From the Department of English, with this heading  “In Memoriam: Professor Qadri Ismail: Brilliant thinker, inspiring teacher, loyal friend”

With deep sorrow, we note the death of our esteemed colleague Professor Qadri Ismail, who died in May at home of natural causes. He was 59. A noted scholar of cultural studies, postcolonial literature, literary theory, and gender and sexuality, Ismail joined English at Minnesota as Assistant Professor in 1997 and served the department in numerous capacities, including Chair of the department’s first Equity, Diversity, and Inclusion (EDI) Committee and Director of Graduate Studies.

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Gilbert Roberts: Barbadian-Lankan Virtuoso … and A Johnian

KKS Perera, in The Island, 27 February 2020, where the title reads G C Roberts, Barbadian 12th man in Windies became a Sri Lankan”

Continuing on ‘Nostalgic Memories of Windies’, I thank Lalith Fernando, “…my own native citizen unknown to me,” [quoting from his own letter…] for the correction on the day and date of 1967s 3-day match. Let me quote an extract from the last paragraph of my letter which appeared in these columns on Feb 4, 2016, under the popular series, four years ago on, “Kollo/Kello in Girl/Boys’ schools.”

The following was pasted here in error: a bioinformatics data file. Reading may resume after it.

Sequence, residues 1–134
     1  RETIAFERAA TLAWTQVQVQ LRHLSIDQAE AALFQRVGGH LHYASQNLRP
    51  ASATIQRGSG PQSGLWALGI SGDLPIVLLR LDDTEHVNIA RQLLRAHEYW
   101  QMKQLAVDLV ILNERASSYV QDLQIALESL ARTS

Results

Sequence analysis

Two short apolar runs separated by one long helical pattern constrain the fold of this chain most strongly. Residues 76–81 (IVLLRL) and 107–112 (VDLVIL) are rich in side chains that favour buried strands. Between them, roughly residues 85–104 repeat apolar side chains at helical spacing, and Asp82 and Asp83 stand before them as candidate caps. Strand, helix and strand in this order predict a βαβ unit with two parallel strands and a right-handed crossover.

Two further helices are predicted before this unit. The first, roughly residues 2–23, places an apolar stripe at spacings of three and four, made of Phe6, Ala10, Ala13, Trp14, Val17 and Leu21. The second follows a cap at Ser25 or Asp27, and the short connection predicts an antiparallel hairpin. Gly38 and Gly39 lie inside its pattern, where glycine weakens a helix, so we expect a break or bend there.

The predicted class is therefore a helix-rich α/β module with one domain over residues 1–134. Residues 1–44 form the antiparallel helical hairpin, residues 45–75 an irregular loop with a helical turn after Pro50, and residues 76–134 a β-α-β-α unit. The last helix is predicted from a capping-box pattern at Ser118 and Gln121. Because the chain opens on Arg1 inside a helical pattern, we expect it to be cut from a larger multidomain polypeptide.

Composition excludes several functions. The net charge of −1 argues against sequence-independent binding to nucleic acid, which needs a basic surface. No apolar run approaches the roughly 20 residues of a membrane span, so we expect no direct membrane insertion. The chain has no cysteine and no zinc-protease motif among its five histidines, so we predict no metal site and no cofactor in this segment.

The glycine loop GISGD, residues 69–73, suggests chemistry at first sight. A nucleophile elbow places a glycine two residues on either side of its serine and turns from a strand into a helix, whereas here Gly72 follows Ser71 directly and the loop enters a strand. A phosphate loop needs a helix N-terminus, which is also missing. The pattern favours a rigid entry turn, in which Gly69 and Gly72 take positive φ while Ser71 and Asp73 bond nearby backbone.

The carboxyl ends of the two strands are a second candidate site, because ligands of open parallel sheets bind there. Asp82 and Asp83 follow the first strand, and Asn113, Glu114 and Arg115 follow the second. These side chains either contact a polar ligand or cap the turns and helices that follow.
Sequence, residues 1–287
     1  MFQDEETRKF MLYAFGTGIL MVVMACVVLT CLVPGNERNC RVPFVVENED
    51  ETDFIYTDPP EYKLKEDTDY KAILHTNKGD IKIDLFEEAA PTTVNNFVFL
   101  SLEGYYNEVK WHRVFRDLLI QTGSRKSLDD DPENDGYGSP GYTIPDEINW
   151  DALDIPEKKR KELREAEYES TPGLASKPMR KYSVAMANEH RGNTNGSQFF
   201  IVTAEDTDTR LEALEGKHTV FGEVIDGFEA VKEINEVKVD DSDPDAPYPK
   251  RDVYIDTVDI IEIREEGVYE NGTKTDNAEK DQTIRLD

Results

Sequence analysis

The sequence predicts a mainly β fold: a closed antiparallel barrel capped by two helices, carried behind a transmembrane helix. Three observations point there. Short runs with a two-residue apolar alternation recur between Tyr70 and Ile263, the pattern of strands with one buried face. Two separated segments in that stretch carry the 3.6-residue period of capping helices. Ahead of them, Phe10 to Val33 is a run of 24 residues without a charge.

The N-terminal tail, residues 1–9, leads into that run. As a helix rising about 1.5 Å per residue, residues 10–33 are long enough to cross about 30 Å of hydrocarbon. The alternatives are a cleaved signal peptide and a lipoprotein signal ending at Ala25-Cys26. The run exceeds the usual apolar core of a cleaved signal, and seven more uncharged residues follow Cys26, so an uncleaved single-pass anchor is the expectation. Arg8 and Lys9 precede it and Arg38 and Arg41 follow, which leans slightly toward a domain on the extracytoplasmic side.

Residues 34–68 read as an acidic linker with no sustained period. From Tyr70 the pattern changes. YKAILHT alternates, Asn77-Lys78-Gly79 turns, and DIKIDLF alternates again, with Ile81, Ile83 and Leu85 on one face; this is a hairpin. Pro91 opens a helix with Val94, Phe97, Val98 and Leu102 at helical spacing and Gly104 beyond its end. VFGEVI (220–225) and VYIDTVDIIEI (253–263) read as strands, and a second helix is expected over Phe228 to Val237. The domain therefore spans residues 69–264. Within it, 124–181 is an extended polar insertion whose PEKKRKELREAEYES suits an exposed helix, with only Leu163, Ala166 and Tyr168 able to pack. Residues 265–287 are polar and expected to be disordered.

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Peradeniya Practices: Face-to-Face in Debate

Michael Roberts

Both Kingsley de Silva and this writer were nourished as undergraduates, and then as teachers, in the History Department at Peradeniya University in the 1950s and 1960s. This atmosphere fostered vigorous debate. The epitome of debate was deepened in the cross-disciplinary setting of the Ceylon Studies Seminar inaugurated on the 10th November 1968[1] and held within the premises of the Sociology Department (then headed by Gananath Obeyesekere – an initiative in which I was one of the hands and a tradition sustained into the 1980s via the exertions of CR de Silva and SWR De (Sam) Samarasinghe.[2]

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Dujuan’s History Lesson for Non-Aboriginal Australians All

Vibeke Venema of BBC News, 6 May 2021, where the title reads “The ‘smart and cheeky’ Aboriginal boy teaching Australia a lesson”

A documentary about a 10-year-old Aboriginal boy’s experience in school, In My Blood It Runs, has reignited a debate about Australia’s failure to give indigenous children a good education and a fair start in life.

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Portugal and Sri Lanka: The Historiography Today

Chandra R. de Silva,* whose original title runs thus: “Portugal and Sri Lanka: Recent Trends in Historiography”[1] … an article that was originally published in Re-exploring the Links: History and Constructed Histories between Portugal and Sri Lanka, ed. Jorge Flores, Wiesbaden: Harrassowitz Verlag, 2007, pp. 3-26